It’s important to build clarity about your development path within the organisation.  You’re not only moving forward with intention, but the people around you support you towards your destination.  With the success of your first 90 days, you are firmly positioned to have significant conversations about what the future could look like for you.

Look at other people who are 6 months, 12 months, 18 months, or 2 years ahead of you in the organisation.  Is that where you want to get to?  Is that the next step for you?  Or are there other paths that are more interesting to you?

Now you’ve arrived and understand how things work. You’ve got beyond the honeymoon period; what are the realities that mean you want to renegotiate your future career path, change the balance of your responsibilities, or work your way out of one job into another?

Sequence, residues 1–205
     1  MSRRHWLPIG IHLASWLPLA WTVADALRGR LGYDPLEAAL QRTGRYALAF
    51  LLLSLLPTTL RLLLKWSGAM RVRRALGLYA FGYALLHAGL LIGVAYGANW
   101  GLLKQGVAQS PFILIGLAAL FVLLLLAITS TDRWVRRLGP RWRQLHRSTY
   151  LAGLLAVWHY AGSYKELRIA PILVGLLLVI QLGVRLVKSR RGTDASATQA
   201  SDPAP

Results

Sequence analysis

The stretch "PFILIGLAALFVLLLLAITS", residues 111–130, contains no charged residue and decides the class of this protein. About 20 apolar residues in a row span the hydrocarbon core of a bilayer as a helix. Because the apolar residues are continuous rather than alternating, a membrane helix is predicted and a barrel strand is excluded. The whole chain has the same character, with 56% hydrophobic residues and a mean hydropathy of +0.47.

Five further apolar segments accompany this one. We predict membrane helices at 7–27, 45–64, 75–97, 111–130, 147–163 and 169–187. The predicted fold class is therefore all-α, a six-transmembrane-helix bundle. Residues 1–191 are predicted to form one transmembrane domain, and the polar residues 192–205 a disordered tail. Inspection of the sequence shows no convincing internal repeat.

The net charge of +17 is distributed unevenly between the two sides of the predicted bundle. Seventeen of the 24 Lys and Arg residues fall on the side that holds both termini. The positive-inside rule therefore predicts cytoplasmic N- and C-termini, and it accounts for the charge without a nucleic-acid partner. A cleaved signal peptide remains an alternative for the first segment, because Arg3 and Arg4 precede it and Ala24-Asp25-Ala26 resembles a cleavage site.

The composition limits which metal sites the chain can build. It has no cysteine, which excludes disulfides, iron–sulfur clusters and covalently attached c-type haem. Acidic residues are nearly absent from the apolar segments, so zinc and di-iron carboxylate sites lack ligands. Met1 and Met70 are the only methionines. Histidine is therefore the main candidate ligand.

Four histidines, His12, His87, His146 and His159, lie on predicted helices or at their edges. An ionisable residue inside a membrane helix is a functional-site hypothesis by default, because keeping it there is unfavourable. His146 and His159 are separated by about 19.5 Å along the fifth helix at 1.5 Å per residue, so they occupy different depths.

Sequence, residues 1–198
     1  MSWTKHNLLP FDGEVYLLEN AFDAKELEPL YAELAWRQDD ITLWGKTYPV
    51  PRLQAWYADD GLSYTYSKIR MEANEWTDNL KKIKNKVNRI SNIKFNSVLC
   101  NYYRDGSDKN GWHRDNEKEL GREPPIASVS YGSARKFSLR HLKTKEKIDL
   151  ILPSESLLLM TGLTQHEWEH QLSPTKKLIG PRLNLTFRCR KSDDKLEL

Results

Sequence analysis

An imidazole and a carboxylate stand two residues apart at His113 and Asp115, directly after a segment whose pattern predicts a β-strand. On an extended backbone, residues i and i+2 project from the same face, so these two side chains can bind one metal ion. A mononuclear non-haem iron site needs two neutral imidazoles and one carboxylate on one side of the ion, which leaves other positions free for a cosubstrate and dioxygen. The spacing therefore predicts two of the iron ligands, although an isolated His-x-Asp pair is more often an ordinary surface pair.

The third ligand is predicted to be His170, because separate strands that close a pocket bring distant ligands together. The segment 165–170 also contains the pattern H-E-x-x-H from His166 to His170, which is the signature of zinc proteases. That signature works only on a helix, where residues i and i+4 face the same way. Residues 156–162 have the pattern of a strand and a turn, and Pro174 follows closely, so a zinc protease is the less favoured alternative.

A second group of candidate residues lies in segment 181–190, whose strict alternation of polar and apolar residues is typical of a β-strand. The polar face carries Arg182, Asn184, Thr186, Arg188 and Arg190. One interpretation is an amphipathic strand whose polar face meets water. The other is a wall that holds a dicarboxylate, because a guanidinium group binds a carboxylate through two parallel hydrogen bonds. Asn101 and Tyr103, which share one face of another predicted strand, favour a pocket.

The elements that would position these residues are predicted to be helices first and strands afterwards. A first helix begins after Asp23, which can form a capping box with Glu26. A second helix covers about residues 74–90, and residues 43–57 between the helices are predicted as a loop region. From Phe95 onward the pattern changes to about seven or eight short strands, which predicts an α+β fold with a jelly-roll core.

Have a plan for how you want to move forward.  Recognise that plan will evolve, as you better understand your opportunities and challenges within your organisation.  But make sure you’ve got a plan and you’re working on that plan.

When I became a senior manager in Business Consulting at Arthur Andersen, I was told that you need to spend a year doing great stuff, and another year telling everybody about it. If you did that, then within 2 years you would be a candidate for partnership, so it appeared.

Get stuff done, and make sure people know that you’ve been doing it.  In the event, it was 3 years until I became a partner, but that intermediate year was an important time for me to better understand what I wanted out of a partnership role.


You’ve got a new role, either a new job with a new employer or a new one with the existing one. The first 90 days are crucial to establishing yourself in that role, demonstrating the value you can bring, and supporting your plans for the future.


Charles McLachlan is the founder of FuturePerfect and on a mission to transform the future of work and business. The Portfolio Executive programme is a new initiative to help executives build a sustainable and impactful second-half-career. Creating an alternative future takes imagination, design, organisation and many other thinking skills. Charles is happy to lend them to you.